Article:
Serotonin syndrome is highly unlikely in dogs using vet-controlled doses of trazodone. However, it’s best to arm yourself with this information in case of an overdose or drug interaction.

Contraindications for Trazodone Use in Dogs

Contraindications for Trazodone Use in Dogs

Trazodone should not be given to dogs who:

  • Are taking MAOI drugs like amitraz and selegiline (medications for tick control)
  • Have hypersensitivity to trazodone or similar drugs
  • Has problems with the kidneys, liver, and heart
  • Suffers from angle-closure glaucoma
  • Are pregnant or lactating

Your veterinarian will consider the risks versus benefits of giving trazodone depending on your dog’s condition.

Potential Drug Interactions with Trazodone

Potential Drug Interactions with Trazodone

As we detailed in the previous sections, trazodone may interact with certain medication groups and cause serotonin syndrome. Notable drug classes that cause serotonin syndrome together with trazodone include monoamine oxidase inhibitors (MAOIs), phenothiazines, fluoxetine, tramadol, CNS depressants, and SSRIs.

Other drugs that cause interactions with trazodone include:

  • Azole antifungals (itraconazole, fluconazole, etc.)
  • Aspirin
  • Fluoroquinolones (ciprofloxacin, ofloxacin)
  • Diuretics (thiazide, loop, and potassium-sparing diuretics)
  • Digoxin
  • Ondansetron
  • Metoclopramide
  • Carbamazepine
  • Rifampicin
  • Macrolide antibiotics (erythromycin, clarithromycin, etc.)
  • Phenytoin
  • Modafinil

Some herbs may also interact with trazodone. St. John’s Wort and Panax Ginseng typically cause serotonin syndrome or other potential problems.

Disclose to your dog’s veterinarian any medications, herbal remedies, and supplements your pooch is taking, whether it be over-the-counter or prescription.

Your Dog on Trazodone Therapy

Five Tips for your Dog on Trazodone Therapy

How do you take care of your dog on trazodone therapy? Here are a few tips:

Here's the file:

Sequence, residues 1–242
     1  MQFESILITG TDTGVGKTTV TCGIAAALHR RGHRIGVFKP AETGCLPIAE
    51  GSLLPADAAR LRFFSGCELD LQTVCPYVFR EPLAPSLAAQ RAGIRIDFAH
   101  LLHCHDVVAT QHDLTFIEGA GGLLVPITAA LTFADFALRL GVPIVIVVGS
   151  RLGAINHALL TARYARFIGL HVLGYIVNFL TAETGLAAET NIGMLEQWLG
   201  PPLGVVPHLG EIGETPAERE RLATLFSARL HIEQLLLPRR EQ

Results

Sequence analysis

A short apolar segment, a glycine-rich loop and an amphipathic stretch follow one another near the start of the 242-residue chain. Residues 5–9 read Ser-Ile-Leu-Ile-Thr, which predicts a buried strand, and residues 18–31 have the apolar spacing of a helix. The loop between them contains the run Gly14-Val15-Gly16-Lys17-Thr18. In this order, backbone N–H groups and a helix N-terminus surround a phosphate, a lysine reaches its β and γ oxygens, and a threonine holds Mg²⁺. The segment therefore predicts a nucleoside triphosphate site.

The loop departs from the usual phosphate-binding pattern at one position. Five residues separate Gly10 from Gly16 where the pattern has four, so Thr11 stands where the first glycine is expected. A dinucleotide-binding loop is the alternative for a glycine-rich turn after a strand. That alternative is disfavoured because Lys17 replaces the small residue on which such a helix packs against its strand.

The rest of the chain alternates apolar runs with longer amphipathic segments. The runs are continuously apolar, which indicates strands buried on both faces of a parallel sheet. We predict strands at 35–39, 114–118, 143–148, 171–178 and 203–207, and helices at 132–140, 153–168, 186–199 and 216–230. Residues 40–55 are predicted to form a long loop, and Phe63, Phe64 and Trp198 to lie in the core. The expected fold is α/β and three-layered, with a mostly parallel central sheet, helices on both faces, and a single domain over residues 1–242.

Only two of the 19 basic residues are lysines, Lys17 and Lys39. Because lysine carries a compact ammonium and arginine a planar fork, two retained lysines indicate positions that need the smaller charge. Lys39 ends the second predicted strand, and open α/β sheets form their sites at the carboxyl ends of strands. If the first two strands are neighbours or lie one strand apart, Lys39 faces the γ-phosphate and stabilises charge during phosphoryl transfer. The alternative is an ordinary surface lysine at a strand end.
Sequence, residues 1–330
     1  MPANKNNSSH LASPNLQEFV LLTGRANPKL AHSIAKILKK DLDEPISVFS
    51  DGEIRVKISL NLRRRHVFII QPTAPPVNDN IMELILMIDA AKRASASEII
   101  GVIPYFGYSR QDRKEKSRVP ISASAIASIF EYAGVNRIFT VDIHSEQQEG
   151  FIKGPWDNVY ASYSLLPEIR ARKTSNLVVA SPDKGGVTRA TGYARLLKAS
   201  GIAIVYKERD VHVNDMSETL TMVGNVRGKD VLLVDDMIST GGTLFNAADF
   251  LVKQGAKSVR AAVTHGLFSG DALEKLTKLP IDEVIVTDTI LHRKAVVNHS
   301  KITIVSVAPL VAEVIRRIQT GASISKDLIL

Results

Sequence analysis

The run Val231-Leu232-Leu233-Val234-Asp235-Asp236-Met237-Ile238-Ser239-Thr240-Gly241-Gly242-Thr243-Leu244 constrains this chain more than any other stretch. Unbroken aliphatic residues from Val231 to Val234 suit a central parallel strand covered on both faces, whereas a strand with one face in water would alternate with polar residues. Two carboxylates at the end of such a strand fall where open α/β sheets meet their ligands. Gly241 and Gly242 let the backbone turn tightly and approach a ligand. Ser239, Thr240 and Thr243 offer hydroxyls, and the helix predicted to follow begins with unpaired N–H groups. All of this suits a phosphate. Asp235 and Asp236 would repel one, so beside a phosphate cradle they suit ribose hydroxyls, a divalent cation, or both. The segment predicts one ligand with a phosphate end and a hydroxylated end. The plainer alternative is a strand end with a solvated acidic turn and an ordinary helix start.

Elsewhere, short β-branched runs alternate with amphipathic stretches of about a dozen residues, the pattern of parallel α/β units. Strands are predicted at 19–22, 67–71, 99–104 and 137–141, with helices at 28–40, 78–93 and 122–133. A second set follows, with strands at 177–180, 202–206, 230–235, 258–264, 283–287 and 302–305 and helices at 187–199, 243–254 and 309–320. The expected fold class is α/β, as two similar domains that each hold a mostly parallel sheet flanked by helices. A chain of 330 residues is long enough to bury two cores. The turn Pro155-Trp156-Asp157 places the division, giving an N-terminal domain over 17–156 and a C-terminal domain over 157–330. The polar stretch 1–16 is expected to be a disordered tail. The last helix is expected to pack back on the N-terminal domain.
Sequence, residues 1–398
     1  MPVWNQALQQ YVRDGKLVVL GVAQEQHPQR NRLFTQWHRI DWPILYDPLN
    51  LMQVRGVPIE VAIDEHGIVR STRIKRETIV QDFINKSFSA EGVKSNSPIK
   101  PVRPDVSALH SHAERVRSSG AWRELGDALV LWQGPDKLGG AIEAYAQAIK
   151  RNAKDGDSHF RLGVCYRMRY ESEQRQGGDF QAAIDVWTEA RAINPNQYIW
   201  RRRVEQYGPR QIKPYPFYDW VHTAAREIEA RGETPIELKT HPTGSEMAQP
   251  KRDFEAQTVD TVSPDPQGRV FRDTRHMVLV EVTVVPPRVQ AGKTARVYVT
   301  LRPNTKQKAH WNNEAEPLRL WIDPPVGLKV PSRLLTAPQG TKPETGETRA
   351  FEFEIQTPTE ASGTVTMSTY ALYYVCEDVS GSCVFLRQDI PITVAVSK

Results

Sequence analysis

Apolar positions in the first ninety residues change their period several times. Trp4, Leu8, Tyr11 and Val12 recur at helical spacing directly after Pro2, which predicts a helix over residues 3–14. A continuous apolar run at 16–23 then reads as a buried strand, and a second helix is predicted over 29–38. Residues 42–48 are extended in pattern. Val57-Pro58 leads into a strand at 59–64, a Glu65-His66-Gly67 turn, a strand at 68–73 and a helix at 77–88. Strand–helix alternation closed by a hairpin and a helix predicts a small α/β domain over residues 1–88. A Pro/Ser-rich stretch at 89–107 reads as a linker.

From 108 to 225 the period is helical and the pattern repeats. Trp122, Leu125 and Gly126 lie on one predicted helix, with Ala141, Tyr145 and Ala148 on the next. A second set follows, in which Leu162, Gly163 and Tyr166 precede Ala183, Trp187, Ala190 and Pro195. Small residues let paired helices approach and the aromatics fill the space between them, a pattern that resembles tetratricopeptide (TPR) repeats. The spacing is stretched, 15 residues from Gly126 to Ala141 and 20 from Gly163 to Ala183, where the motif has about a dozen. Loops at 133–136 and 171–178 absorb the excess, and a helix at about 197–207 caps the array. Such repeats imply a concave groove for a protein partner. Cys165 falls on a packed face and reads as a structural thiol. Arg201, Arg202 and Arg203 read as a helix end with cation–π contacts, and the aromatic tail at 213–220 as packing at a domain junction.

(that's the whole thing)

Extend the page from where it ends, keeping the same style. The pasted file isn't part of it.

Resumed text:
• You may give trazodone with or without food. However, many dog parents give it food to prevent stomach problems. Giving the tablets with food or a small treat will also make it more palatable; your dog will not likely throw it up due to an unpleasant taste.
  • Do not give double doses when you accidentally skip a dose. Just resume the regimen at the next scheduled dose. Giving another dose to make up for a missed one may induce an overdose and potentially serotonin syndrome.
  • Soothe your dog every time he takes trazodone. Remember that the medication is meant to ease anxiety, so you can also provide your dog with soothing activities such as a tummy rub or massage.
  • For behavioral anxiety, your vet will likely pair up trazodone therapy with a behavioral modification program. Gentle and consistent support in both therapies will help tame any destructive behavior arising from anxiety.
  • Trazodone may be prescribed to calm your active dog after surgery. Help him calm down by providing a confined and quiet space to stay. Distract him by placing treats inside a Kong toy for him to discover on his own. You may also play gentle mind games such as cup games, puzzle games, and stimulating smells.

The Wrap-Up

Trazodone is a safe and effective medication used off-label for anxious dogs. Pre-operative and post-operative dogs are also given trazodone to calm their nerves and help them relax. The medication has few side effects as well.

Your veterinarian will work with you to determine the best dose and the right way to care for your dog on trazodone therapy. But armed with all the information on this article, you’ll be well on your way to caring for your anxious dog properly while taking trazodone.